Referring to FIGS. 1 to 3, the sorter comprises fifteen vertical bins 1a, 1b, 1c . . . 1n, 1o for receiving respective sets of copy sheets, but this is merely exemplary and a sorter in accordance with the invention may comprise more or less bins. The bins are defined by a parallel array of vertically arranged plates 2a, 2b, 2c, . . . 2n, 2o. Thus bin 1a is defined by plates 2a and 2b, bin 1b is defined by plates 2b and 2c and so on up to bin 1n which is defined by plates 2n and 2o. The last bin 1o is defined by the plates 2o and the back wall 3 of the sorter. As will be described in more detail below the plates can be moved apart and together so that a particular bin can be opened wider for a sheet to be fed into it and subsequently the bin is closed. In FIG. 1 bin 1h is shown opened wider than the other bins having just received the copy sheet 8h. Typically the spacing of the bin plates may be varied between, for example, 10 mm in the closed position and 25 mm in the open position. The spacing in the closed position is set by spacers 4, each plate having four such spacers located respectively towards the top and bottom at both sides of the plate. The spacers 4 may be made of rubber for example. The array of bin plates is biased together by springs 5 acting against the outermost plate 1o urging the plates from right to left as shown in the drawing against an abutment 6 adjacent plate 1a. The bins are thus normally kept in their closed position, an individual bin being opened only to receive an incoming copy sheets as described in more detail below. As can be seen from FIG. 2, each of the plates is formed from a flat plate bent in four places. Four bends labelled A, B, C, D on plate 1a in FIG. 2 are vertical and define five distinct flat sections S1, S2, S3, S4, S5. Central section S1 is flanked by respective inclined sections S2 and S3 which respectively adjoin side sections S4 and S5. Inclined sections S2 and S3, which may have approximately the same lateral dimensions as central sections S1, are arranged symmetrically with respect to the central section S1 in the present embodiment, although in an alternative embodiment they may be arranged asymetrically.The side sections S4 and S5, which may have significantly shorter lateral dimensions than the other sections are substantially parallel to central section S1. The inclination of sections S2 and S3 is such that the perpendicular distance d measured between either of the side sections S4, S5 and the central section S1, is, for example, approximately 25 mm. With this configuration for the bin plates the sheets contained in a bin will be held in a curved configuration represented in FIG. 2 by the broken line contour 7 shown in bin 1a. As mentioned previously, the curved configuration imparts beam strength to the sheets so they stand upright preventing them from collapsing to the bottoms of the bins. As shown in FIG. 1 the sheets 8a, 8b, 8c, . . . 8h may project significantly beyond the tops of the bins. For example, more than half the sheet may extend above the top of the bin. However, the beam strength imparted by the curved configuration is sufficient for the protruding portions of the sheets to be self-supporting without sagging or flopping over. When significant portion of the copy sheets extends above the bins it is easy for an operator to check the copy quality and/or to remove the sheets from the bins.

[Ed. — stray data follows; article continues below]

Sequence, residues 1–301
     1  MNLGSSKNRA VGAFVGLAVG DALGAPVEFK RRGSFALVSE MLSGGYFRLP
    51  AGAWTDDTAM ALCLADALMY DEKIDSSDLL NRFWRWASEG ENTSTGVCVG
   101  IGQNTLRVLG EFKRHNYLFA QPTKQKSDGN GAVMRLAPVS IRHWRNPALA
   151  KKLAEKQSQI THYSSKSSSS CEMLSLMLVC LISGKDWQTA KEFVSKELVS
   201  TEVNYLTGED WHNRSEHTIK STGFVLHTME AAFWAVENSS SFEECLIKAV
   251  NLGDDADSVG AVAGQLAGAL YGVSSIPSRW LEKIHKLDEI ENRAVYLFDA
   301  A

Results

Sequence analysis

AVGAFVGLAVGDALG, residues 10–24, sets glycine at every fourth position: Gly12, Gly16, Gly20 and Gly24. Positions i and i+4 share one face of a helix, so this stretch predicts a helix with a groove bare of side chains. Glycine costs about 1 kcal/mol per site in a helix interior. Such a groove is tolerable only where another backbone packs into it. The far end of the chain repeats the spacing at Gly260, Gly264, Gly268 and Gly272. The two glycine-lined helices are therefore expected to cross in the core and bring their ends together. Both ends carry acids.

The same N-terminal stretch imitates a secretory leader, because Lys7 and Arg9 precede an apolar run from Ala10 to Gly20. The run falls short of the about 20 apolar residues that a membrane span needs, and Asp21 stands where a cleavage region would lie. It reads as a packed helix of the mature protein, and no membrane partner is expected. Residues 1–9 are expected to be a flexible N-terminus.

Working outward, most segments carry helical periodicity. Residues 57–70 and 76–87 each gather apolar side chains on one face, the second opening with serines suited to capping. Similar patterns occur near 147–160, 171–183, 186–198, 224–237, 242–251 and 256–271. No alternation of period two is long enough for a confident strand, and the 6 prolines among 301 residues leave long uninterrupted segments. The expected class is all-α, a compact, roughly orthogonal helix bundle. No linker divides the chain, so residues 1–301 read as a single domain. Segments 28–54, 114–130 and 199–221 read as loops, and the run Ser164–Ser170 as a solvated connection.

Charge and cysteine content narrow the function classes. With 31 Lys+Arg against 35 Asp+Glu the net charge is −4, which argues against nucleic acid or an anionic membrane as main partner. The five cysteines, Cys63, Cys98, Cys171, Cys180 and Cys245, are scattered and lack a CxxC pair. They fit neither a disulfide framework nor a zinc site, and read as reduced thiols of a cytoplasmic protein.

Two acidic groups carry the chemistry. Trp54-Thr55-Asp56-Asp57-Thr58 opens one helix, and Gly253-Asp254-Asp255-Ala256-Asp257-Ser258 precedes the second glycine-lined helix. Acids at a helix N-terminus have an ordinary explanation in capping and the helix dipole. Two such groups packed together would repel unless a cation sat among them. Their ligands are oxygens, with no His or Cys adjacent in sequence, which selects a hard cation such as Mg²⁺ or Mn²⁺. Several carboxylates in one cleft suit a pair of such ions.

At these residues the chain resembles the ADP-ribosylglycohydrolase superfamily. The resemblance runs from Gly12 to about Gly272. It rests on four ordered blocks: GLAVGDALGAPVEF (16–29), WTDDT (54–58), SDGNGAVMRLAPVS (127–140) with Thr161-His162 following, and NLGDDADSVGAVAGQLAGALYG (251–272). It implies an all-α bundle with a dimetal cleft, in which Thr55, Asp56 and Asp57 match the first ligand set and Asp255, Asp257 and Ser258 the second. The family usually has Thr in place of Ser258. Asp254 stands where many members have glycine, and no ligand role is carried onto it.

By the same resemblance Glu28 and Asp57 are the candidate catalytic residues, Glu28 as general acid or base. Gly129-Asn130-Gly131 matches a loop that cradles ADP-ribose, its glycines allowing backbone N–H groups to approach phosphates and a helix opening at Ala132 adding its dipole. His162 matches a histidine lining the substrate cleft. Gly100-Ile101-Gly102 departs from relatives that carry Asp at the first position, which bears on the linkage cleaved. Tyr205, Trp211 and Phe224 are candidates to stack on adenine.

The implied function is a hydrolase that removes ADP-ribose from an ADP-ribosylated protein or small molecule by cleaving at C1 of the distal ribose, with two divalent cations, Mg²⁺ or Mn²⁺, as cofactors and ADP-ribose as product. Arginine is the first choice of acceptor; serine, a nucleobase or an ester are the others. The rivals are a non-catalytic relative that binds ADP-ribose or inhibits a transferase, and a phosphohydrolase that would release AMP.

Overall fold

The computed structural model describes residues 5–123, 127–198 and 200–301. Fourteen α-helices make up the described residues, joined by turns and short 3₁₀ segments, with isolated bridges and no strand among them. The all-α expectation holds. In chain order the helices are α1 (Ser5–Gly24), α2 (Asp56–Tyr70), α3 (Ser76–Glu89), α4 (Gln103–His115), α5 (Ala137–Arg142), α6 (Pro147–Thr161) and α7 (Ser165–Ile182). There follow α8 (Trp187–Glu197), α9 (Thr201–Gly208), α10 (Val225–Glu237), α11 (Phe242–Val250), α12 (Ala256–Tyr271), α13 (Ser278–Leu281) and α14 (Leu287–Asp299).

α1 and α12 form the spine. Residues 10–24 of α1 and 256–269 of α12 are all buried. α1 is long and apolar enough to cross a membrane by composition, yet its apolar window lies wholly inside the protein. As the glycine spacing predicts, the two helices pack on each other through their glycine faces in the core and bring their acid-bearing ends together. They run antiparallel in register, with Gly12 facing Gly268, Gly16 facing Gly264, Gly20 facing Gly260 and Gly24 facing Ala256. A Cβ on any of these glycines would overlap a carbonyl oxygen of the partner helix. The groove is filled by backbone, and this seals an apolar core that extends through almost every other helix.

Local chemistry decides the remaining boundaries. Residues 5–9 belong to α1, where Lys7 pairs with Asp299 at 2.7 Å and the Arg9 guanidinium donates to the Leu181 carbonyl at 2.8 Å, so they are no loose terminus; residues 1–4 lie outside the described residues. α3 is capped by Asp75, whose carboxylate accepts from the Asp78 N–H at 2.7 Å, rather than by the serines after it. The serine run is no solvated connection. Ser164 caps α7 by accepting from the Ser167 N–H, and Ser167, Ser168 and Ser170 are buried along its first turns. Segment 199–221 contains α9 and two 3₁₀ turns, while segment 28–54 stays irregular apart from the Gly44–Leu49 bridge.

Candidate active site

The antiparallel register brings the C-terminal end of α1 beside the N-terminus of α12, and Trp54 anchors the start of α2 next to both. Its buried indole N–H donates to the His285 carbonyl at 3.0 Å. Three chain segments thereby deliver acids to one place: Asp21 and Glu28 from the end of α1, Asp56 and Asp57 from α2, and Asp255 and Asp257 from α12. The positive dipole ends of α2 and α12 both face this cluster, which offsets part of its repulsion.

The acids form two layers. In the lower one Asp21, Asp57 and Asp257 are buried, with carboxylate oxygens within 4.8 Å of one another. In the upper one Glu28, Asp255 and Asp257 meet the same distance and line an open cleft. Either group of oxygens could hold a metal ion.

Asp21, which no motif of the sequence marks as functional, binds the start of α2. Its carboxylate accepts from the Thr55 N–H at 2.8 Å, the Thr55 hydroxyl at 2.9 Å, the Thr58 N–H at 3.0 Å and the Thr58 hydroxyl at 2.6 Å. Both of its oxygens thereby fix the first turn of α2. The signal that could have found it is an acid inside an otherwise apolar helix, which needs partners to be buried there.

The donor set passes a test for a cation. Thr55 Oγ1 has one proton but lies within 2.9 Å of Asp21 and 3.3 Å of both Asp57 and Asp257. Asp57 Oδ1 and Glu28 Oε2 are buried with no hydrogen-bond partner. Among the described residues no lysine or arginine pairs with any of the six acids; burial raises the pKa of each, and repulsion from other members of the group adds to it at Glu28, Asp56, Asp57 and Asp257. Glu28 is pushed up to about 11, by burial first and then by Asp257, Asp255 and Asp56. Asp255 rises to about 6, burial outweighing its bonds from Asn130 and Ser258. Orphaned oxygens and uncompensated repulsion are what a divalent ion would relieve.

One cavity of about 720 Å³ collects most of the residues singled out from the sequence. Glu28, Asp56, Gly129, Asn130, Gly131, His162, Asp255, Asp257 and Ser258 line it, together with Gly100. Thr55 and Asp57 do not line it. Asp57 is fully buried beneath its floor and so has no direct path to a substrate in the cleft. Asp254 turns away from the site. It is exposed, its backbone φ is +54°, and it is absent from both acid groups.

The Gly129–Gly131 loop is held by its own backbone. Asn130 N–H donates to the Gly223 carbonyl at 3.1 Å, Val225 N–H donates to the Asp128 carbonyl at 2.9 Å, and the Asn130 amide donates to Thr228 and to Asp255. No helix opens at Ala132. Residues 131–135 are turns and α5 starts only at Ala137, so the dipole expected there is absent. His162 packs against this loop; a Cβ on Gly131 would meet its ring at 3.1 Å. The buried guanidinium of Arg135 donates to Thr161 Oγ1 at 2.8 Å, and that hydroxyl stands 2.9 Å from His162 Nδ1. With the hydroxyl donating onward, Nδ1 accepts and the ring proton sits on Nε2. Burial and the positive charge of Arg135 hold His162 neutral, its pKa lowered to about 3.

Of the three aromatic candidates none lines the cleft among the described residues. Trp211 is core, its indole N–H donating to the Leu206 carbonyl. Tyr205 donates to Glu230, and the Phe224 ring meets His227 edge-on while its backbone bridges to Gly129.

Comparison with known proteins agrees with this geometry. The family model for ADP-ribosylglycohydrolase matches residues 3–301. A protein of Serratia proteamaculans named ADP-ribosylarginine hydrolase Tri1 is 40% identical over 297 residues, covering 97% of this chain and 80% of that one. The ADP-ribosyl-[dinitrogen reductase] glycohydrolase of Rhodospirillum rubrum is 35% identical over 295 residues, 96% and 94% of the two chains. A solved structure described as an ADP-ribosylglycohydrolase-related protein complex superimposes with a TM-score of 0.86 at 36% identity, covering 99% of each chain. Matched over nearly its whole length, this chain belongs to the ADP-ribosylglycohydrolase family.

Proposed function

Referring back to FIG. 1, there will now be described the means for feeding copy sheets from the copier to the sorter bins.
The sheet is ejected by nip rolls 9 from the copier 10 into the sorter 11. As shown, the nip rolls 9 are the exit rolls of the part of the copier in which the sheets are processed. The sheet is initially directed onto a flat fixed baffle 12 and guided by a curved flexible guide member 13 towards and into a movable guide assembly 14 which can be indexed laterally for directing sheets to each of the bins 1a, 1b, . . . 1n, 1o in turn. As shown in FIG. 1, the guide assembly 14 is aligned for feeding a copy sheet into bin 1h which is opened wider than the other bins for receiving the sheet. As shown, bins 1a to 1h have already received their first copy sheets. The indexing for the guide assembly and the bin opening mechanisms are inter-related and are described in more detail hereinafter with reference to FIGS. 3 and 4.
The guide assembly 14 has a lower portion comprising a pair of 90░ curved guide member 15a, 15b for turning the copy sheet from its substantially horizontal feed direction into a vertical feed direction. In this way a sheet issued into the sorter with its copy face uppermost will be oriented by the guide means to have its copy side facing the left as shown in FIG. 1.
The guide assembly also has an upper portion comprising a pair of sheet-curving guide members 15c, 15d comprising a central vertical portion flanked by wing portions which become progressively wider towards the exit (top) of the guide member 14 and which are inclined with respect to the central portion such that, as can be seen clearly in FIG. 2, the exit of the guide assembly 14 has the same configuration as the entrance to the bins. Thus, curvature is induced in the sheets as they are fed through the guide assembly 14 such that they are bent into the correct curved configuration for insertion into the bins.